"Turkey has been the hotbed of such discussions in one way or another," Ivan Andrevichi said. "So it's not surprising that its leader would make such remarks."

Kerry Brown, a senior fellow at the Asia Programme at London-based Chatham House, told the Global Times that Turkey is a predominantly Muslim country, so the remarks by conservative Prime Minister Erdogan weren't surprising.

"But we cannot predict that Erdogan's words will result in soured ties," Brown said. "Turkish President Abdullah Gul, who recently made a visit to China, regards the economic and trade cooperation with Beijing as a key policy."

A statement from the Shanghai Cooperation Organization (SCO) said Saturday that the situation in Xinjiang is a matter of China's internal affairs – the response the Chinese government often gives when its "internal" actions are criticized by other nations. The SCO said the measures the government is taking in accordance with the country's laws can restore peace and order in the region.

In addition to death and injuries, a total of 627 vehicles, including buses and police cars, were damaged or torched.

Among the 184 reported deaths, 137 were said to be Han, 26 of whom were women. And 46 Uygurs died, including one woman. A man of Hui descent also died, according to the information office of the regional government.
At least one of the dead was a paramilitary policeman, while 10 other police were seriously injured, according to the Xinjiang Armed Police Forces.

Hunting hiding rioters

Traffic restrictions in some areas of the regional capital remained yesterday. Business in the Grand Bazaar, a key shopping district in downtown Urumqi, remained closed.

An official from the publicity department of the Party Committee in Xinjiang yesterday denied foreign media reports that both Han people and Muslim Uygurs have been "trying to flee the city" after the violence.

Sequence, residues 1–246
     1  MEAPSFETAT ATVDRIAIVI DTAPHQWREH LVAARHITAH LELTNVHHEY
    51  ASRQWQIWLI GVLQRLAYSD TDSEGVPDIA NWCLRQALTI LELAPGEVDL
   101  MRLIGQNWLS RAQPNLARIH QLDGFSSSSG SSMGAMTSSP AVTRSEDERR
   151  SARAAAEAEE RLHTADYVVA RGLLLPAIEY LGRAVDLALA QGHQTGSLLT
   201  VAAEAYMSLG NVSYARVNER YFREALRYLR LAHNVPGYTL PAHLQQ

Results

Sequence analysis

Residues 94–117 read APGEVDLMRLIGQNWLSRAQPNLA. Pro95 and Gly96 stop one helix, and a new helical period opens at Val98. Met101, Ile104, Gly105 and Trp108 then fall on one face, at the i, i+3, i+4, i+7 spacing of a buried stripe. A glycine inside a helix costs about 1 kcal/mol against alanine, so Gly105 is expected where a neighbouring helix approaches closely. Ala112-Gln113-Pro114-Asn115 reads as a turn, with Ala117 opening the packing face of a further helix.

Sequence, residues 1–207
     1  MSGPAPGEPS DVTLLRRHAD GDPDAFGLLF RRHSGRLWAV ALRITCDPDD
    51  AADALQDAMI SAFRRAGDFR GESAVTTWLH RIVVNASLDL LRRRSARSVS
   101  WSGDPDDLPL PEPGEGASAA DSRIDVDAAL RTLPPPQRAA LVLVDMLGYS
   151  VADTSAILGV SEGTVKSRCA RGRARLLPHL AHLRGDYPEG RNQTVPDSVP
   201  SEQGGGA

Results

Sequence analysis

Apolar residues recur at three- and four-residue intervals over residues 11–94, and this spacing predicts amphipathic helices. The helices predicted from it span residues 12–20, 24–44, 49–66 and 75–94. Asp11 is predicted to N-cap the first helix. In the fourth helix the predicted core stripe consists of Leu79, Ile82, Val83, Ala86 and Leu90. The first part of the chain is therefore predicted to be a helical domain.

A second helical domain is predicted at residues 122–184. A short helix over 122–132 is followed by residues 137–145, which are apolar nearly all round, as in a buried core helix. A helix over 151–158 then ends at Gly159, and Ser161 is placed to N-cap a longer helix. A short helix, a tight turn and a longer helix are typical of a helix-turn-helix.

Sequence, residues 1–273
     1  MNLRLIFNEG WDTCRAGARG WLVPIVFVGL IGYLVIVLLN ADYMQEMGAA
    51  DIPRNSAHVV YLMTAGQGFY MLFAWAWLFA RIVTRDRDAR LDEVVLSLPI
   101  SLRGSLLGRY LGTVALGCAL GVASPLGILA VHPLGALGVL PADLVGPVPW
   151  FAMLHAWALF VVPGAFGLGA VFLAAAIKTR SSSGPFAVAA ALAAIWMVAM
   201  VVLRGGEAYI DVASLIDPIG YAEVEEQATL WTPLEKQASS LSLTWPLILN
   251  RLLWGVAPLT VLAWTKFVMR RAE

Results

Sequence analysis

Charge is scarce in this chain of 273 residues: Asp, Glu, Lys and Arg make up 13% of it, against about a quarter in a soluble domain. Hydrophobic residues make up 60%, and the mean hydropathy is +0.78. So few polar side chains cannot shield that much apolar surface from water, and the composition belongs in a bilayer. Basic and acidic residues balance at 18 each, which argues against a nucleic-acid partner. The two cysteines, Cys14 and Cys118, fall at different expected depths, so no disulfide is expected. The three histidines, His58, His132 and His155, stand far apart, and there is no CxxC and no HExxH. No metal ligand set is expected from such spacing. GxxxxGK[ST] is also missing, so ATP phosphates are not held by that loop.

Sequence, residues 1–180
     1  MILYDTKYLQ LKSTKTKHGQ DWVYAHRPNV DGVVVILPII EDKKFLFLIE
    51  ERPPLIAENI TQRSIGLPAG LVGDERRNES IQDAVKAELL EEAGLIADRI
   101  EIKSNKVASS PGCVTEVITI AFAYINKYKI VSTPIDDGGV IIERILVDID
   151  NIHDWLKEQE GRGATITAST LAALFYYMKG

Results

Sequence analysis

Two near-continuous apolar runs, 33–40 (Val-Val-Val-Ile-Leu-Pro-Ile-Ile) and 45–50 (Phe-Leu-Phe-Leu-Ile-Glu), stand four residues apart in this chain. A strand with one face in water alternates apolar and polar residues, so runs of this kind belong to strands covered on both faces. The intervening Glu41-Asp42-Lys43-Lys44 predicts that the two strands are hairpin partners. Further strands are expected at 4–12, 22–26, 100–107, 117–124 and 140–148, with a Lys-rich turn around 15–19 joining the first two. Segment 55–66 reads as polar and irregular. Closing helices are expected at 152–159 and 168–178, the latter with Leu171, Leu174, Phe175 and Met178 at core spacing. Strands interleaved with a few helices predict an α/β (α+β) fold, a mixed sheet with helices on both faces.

"It's normal to see a lot of people leaving at this time when summer vacation begins," the official said. "University students are departing for travel or going back home, just as in previous years.

"More people are going out of Urumqi while fewer tourists are coming in, making the situation seem unusual, but there is no sign that masses of people are trying to flee the city."

Not helping the matter is that tourists are now reluctant to travel in Xinjiang. About 8,000 people canceled their plans to visit Kashgar, according to a local official.

Police are still looking for rioters. More than 200 were arrested Thursday, with at least 70 found in one location.
A police officer who refused to be identified told the Global Times that some of the people arrested said they had agreed on a few hiding places when they were planning to riot.

"The rioters had removed bricks on the roadside so they could use them as weapons to attack," the officer added. "Everything had been planned."
On Tuesday, Dorikun Askarjiang, a senior leader of the World Uyghur Congress, was quoted by Xinhua as saying, "Urumqi is merely just the beginning of the success."

In the East Bazaar of Kashgar, which was closed July 6 and reopened Friday, vendors showed up again, selling all kinds of foods and spices.
Soldiers were also stationed at schools, though they are closed for summer vacation.

Foreign reporters from several news organizations were escorted out of Kashgar, "for safety reasons" Friday, although city officials did not explain what the danger was, Reuters reported.

Source: Global Times